More On Legal & Compliancefrom The Advisor's Professional Library
- Client Commission Practices and Soft Dollars RIAs should always evaluate whether the products and services they receive from broker-dealers are appropriate. The SEC suggested that an RIAs failure to stay within the scope of the Section 28(e) safe harbor may violate the advisors fiduciary duty to clients, so RIAs must evaluate their soft dollar relationships on a regular basis to ensure they are disclosed properly and that they do not negatively impact the best execution of clients transactions.
- Code of Ethics Rule The Code of Ethics Rule, found in Rule 204A-1, uses severe consequences for violation to help ensure investment advisors will do the right thing.
The Securities and Exchange Commission on Monday asked a federal court in Washington to order the Securities Investor Protection Corp. (SIPC) to initiate a liquidation proceeding for investors who were victims of the Ponzi scheme carried out by Allen Stanford.
“Because SIPC has declined to take steps to initiate the proceeding for the protection of Stanford customers, the Commission filed suit today asking a court to compel it to do so,” the SEC said in a statement.
SIPC maintains the circumstances specific to the Stanford case mean "that the law doesn’t provide for payouts to investors." The SEC’s staff initially agreed, but on June 15, the SEC informed SIPC that the “Stanford matter was appropriate for a proceeding under the Securities Investor Protection Act,” or SIPA.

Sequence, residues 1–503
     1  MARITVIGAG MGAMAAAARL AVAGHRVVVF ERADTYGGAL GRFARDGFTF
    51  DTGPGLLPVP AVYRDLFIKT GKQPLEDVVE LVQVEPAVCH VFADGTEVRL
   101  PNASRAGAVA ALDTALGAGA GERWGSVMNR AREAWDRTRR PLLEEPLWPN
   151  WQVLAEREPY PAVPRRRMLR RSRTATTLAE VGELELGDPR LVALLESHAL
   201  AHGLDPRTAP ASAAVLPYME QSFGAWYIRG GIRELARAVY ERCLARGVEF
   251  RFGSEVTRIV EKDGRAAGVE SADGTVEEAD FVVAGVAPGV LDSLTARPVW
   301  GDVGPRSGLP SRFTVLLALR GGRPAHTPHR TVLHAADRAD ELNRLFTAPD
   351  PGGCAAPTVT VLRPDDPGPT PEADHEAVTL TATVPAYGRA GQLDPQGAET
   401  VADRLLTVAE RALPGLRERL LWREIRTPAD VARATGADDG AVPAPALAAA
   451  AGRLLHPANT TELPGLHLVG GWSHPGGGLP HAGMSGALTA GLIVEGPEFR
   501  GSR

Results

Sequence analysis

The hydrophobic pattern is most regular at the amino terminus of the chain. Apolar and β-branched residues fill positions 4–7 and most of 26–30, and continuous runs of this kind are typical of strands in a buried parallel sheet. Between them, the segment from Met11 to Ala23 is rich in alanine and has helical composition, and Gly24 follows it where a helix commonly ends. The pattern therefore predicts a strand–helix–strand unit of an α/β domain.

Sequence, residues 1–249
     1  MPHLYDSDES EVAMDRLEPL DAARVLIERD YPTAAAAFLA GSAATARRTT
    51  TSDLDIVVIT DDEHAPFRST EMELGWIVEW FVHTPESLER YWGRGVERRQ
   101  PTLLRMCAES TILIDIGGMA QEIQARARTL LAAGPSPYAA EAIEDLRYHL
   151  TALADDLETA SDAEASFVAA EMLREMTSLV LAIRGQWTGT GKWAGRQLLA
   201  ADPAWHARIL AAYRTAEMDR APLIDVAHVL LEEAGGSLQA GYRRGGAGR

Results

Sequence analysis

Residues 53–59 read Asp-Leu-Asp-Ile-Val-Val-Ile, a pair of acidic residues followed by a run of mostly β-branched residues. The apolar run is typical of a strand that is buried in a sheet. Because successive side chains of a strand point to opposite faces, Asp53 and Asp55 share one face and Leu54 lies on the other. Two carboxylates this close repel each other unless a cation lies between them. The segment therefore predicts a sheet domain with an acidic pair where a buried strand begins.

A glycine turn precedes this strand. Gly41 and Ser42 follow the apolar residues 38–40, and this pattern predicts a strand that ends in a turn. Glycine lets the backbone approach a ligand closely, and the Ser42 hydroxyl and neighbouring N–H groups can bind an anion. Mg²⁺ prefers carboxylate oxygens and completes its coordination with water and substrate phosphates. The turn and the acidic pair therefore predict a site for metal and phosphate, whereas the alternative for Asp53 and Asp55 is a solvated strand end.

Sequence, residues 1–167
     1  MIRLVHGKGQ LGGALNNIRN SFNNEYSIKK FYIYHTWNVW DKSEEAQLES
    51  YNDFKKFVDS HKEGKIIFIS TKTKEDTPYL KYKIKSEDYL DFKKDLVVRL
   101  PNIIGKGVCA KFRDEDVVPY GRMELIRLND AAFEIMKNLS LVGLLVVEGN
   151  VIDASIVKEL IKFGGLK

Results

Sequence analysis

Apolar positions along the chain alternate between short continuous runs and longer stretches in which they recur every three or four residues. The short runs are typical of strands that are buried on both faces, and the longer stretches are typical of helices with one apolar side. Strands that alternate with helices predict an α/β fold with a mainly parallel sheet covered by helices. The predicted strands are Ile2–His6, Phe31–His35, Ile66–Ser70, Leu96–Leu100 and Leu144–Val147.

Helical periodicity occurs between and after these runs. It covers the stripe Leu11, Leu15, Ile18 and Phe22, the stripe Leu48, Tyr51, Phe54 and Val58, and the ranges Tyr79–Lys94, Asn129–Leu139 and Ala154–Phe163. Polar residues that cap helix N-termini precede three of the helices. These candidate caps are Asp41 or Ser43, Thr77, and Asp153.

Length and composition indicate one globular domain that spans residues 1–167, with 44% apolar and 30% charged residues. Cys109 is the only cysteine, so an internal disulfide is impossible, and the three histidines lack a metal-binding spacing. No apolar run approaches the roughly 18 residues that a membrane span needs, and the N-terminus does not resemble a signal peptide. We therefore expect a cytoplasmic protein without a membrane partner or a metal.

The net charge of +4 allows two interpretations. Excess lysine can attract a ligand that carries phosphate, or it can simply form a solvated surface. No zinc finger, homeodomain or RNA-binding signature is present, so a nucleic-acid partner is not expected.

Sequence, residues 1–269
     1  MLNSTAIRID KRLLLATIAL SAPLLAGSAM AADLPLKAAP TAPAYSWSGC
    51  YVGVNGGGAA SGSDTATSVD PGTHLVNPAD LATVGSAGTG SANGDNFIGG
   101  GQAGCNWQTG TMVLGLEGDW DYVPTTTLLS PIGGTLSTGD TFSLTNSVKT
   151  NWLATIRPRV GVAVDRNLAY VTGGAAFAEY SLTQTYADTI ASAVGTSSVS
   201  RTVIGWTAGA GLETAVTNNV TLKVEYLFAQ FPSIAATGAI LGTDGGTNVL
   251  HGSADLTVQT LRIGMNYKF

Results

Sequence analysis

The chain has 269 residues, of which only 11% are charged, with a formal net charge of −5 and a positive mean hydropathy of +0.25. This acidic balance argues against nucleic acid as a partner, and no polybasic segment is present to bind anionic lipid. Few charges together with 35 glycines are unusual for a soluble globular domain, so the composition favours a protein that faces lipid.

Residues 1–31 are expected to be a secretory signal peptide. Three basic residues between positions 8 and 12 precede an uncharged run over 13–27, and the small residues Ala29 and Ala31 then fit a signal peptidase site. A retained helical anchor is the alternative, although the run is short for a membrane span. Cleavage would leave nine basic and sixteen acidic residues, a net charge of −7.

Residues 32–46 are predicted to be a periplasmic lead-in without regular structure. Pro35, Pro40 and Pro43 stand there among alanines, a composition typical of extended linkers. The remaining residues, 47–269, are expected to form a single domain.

The liquidation proceeding would provide customers of the Stanford brokerage firm a chance to file claims seeking coverage under SIPA.
However, Orlan Johnson, chairman of SIPC said in a statement on Tuesday that SIPC will defend itself against the SEC's lawsuit. “We have great sympathy for the victims of this extraordinary Ponzi scheme that inflicted heartbreaking losses on thousands of people across the world,” Johnson said. “But, SIPC must adhere to the requirements established by Congress. After careful and exacting analysis, we believe the SEC’s theory in this case conflicts with the Securities Investor Protection Act, the law that created SIPC and has guided it for the last 40 years.”
Allen Stanford allegedly defrauded investors of more than $7.2 billion by selling them certificates of deposit. Contrary to Stanford’s assurances about the safety and profitability of the investments, he allegedly stole billions of dollars of investor funds and “invested” other funds in speculative personal businesses.
In 2009, the SEC filed suit against Allen Stanford, his companies, and other defendants. Stanford is in custody awaiting a criminal trial based on charges brought by the Justice Department.
On June 15, 2011, the Commission determined that certain Stanford victims who invested in that scheme through the Stanford brokerage firm were “customers” entitled to the protection of SIPA. After providing SIPC its analysis, the Commission directed SIPC to take steps to initiate the liquidation proceeding under SIPA.